Wednesday, 22 January 2014

Want to Avoid the Need for New Teeth Implants? Rutherford Specialists Explain the Perils of Periodontal Disease, PART 2

This three-part article series explains what gum disease is and the various signs and symptoms it comes hand-in-hand with. We also explore patients’ various treatment options.

Welcome to Part 2 of this three-part article series on periodontal (gum) disease, it’s signs and symptoms and recommended treatments. In Part 1, we spoke to a dentist in New Jersey who explained that gum disease is an advanced bacteria infection of the gums and supporting structures of the teeth. It’s typically caused by poor oral hygiene, a lack of preventative healthcare and certain habits, such as smoking and excessive alcohol consumption. In this article, we shall now examine the signs and symptoms Rutherford residents should be on the lookout for before discussing the various treatment options available.

Signs and Symptoms of Periodontal Disease

Symptoms of Periodontal DiseaseIn the beginning stages, gum disease is known as gingivitis and can present with one or more of the following symptoms:

1. Red and inflamed gums,
2. Swollen, sensitive gums,
3. Gums that bleed easily when brushing and flossing,
4. Bad breath (halitosis): This can be difficult to diagnose, so it’s recommended that you ask a close friend or relative to tell you whether they’ve noticed your breath being persistently bad.
5. Discoloration of the teeth caused by the accumulation of plaque and tartar. The margins between the teeth can appear blurred.

In its advanced stages, gum disease is known as periodontitis and can present with one or more of the following symptoms:

1. Those listed above,
2. A persistent bad taste in the mouth that doesn't go away or comes back soon after brushing,
3. Brown mottling of the teeth and at the gum margins,
4. Recurring oral lesions or sores,
5. Loose teeth that are uncomfortable to eat with,
6. An exposure of the tooth roots as the gums recede from the crowns of the teeth,
7. Suppurating (pussy) gums and extremely painful oral abscesses,
8. Eventual tooth loss.

Doesn't sound very pleasant, does it? And yet, millions of Americans live with this condition every day and haven’t sought treatment. In fact, according to the Centers for Disease Control and Prevention, as much as 80% of Americans are currently living with some stage of gum disease; be it gingivitis or periodontitis. So...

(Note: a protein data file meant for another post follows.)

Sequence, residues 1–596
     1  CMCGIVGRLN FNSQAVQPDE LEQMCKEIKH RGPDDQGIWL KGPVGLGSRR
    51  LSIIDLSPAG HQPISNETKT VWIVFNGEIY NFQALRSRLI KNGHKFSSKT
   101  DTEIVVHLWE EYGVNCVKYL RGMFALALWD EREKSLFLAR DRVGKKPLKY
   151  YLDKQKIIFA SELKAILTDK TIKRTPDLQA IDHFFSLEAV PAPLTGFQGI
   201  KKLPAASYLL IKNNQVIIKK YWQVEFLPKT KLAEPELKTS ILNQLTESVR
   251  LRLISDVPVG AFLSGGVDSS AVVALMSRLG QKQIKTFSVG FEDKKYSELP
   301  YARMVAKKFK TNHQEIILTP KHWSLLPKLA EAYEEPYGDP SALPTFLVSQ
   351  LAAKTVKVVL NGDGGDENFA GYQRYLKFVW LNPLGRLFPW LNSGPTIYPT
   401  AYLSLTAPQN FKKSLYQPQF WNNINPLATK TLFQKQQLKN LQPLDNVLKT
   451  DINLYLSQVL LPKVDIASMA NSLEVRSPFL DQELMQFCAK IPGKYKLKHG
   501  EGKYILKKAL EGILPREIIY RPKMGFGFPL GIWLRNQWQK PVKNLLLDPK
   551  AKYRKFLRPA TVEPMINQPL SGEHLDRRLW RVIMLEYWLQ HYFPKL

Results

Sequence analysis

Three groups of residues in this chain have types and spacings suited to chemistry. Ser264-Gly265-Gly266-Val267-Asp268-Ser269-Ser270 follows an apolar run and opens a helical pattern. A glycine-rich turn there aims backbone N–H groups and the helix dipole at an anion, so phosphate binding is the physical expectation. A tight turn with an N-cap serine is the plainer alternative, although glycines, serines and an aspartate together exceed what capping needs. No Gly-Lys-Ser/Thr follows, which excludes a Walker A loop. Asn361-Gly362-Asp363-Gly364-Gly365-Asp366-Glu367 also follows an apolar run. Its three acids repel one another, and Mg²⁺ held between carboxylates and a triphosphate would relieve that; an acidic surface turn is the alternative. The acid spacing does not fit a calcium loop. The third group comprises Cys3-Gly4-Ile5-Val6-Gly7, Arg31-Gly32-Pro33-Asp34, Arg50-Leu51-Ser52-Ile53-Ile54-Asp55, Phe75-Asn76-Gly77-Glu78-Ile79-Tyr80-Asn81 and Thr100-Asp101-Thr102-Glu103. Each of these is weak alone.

Why Do People Allow Gum Disease to Progress?

Gum Disease
“One of the biggest problems with gum disease is that it doesn’t typically cause much pain,” explain the dentists who place new teeth implants in Rutherford patients. “And since pain is what most frequently compels people to seek treatment, in its absence we find patients living with this condition for years without coming in for the necessary dental care. There is also a fear of what treatment might entail, but in all honesty living with gum disease and losing teeth is far more painful – to one’s self esteem and quality of life – than any treatment could ever be.”

“Gum disease is also linked with a host of other terrible and very dangerous health conditions, such as heart, respiratory, liver and kidney disease, as well as osteoporosis, diabetes, Alzheimer’s disease and dementia. The risks of living with gum disease are simply not worth it. You cannot justify avoiding treatment with “saving money” because the real cost could be your life.”

Stay Tuned for Part 3

To find out more about the various treatment options available for gum disease, stay tuned for the final installment of this three-part article series.

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